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The discovery of X-rays by Roentgen in 1895 and of radium by the Curies in 1898 revolutionized medicine at the turn of the 20th century. Roentgen’s first paper on X-rays illustrated the power of diagnostic imaging with a remarkably detailed radiographic image of Frau Roentgen’s hand. As researchers around the world built vacuum tubes and acquired radioactive sources for their studies, it rapidly became apparent that these invisible radiations could produce dangerous, and even lethal, injuries.13 Erythema, chronic dermatitis, ulceration, loss of hair, and eye injuries were soon reported in patients who received large doses of radiation during prolonged fluoroscopy procedures. Even greater injuries were reported among the physicians, technicians, and scientists who performed diagnostic procedures or laboratory studies using unshielded X-ray-generating equipment and highly radioactive sources. The development of these radiation injuries suggested that radiation might be useful in the treatment of cancer; indeed, patients with cancer were treated with radiation therapy as early as 1896.13

Radiation was found to inhibit the growth of tumors, but this benefit came with the cost of injury to normal tissues within the irradiated areas. Because of the very low energies of the early X-ray and gamma-ray sources, radiotherapy in its early days was limited to using poorly penetrating radiations, which delivered much higher doses of radiation to skin than to even very superficial tumors. As a result, severe early radiation reactions in the skin limited the doses of radiation that could be delivered to tumors. Studies of these skin reactions led to the development of the concept of normal tissue tolerance and an appreciation of the benefits of “fractionated” radiotherapy, using multiple treatments with small doses of radiation.2 The relative sensitivity of the lung to injury from radiation became apparent early in the development of radiation oncology. The clinical syndromes of dyspnea, cough, fever, and radiographic infiltrates occurring weeks to months after irradiation of the thorax were dramatic enough to be described as early as 1922.4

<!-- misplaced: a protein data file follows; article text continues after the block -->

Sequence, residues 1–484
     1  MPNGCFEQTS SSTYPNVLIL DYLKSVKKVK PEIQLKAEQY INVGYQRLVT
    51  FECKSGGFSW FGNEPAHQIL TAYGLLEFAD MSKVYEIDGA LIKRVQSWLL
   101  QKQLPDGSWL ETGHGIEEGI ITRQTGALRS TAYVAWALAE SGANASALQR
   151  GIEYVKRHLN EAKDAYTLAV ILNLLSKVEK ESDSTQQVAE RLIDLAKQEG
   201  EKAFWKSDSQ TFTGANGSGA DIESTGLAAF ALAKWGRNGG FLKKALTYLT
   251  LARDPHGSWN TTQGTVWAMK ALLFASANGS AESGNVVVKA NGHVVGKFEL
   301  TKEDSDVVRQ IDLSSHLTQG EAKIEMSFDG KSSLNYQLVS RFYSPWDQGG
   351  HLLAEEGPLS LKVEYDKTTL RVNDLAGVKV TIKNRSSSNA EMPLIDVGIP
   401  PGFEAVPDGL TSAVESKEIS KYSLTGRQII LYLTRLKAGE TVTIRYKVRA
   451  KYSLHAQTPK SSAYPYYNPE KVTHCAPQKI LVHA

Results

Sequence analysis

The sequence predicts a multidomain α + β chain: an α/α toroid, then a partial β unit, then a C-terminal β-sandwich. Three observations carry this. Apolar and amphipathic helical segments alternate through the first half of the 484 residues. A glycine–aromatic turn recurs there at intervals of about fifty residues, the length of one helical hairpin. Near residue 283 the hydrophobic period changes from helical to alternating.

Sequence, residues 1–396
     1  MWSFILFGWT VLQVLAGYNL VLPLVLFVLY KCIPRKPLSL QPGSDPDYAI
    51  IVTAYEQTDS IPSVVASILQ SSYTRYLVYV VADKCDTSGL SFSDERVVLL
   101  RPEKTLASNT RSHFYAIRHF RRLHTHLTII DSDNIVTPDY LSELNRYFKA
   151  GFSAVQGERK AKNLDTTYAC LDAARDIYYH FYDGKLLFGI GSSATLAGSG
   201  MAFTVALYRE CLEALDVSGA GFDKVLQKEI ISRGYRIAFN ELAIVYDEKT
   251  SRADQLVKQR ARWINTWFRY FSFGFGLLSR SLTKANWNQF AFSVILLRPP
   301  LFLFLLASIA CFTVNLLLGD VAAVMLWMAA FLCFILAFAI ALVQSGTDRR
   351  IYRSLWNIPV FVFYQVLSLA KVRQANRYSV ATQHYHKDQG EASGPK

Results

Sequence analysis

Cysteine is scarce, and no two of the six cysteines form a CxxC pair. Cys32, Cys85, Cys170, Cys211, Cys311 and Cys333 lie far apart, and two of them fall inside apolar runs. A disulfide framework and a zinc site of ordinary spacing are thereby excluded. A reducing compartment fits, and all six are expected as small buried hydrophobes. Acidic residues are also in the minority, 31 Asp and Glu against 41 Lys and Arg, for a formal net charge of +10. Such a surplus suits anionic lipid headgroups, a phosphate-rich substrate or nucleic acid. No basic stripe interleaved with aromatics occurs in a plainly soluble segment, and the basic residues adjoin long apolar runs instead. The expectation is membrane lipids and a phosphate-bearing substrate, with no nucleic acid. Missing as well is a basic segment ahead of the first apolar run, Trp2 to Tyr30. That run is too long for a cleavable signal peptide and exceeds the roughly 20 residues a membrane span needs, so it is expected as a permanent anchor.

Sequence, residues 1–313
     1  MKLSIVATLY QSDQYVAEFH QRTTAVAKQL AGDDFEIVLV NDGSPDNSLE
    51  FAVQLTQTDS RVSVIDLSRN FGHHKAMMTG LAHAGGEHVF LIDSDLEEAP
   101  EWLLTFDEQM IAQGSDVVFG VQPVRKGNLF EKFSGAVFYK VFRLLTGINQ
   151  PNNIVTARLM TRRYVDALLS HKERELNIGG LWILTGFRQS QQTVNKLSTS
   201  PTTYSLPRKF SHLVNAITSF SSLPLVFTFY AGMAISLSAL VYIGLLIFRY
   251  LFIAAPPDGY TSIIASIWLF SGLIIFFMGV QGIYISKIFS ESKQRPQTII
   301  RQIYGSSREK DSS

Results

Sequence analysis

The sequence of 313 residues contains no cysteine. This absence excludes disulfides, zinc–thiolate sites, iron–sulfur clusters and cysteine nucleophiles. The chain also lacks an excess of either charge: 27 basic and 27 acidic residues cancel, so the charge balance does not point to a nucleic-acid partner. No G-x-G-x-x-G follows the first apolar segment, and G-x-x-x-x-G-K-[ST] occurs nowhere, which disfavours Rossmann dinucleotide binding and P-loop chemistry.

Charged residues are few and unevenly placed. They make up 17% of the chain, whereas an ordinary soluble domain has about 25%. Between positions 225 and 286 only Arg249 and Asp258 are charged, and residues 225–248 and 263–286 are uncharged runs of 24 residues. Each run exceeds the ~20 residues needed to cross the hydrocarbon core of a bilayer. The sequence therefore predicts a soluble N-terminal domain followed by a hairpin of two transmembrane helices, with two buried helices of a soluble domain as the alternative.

The field of radiation oncology has matured immeasurably over the last century and has incorporated significant advances from fields as diverse as theoretical and applied physics, radiation biology, pathology, cell biology, and immunology.1,2,57 The importance of advances in physics and engineering to the maturation of radiation oncology is especially notable.2,7 These advances have led to the development of modern linear accelerators capable of delivering very high-energy, deeply penetrating radiations, which can be used to deliver high radiation doses with great precision to tumors deep within the body. Precise systems for radiation dose measurement, or dosimetry, rapid computers, and precise algorithms for the rapid computerized three-dimensional planning of individualized radiotherapy treatments based on computed tomography (CT) scans and magnetic resonance imaging (MRI) studies have been developed. These advances have changed the dose-limiting toxicities of radiation therapy from painful early reactions in the skin to ...

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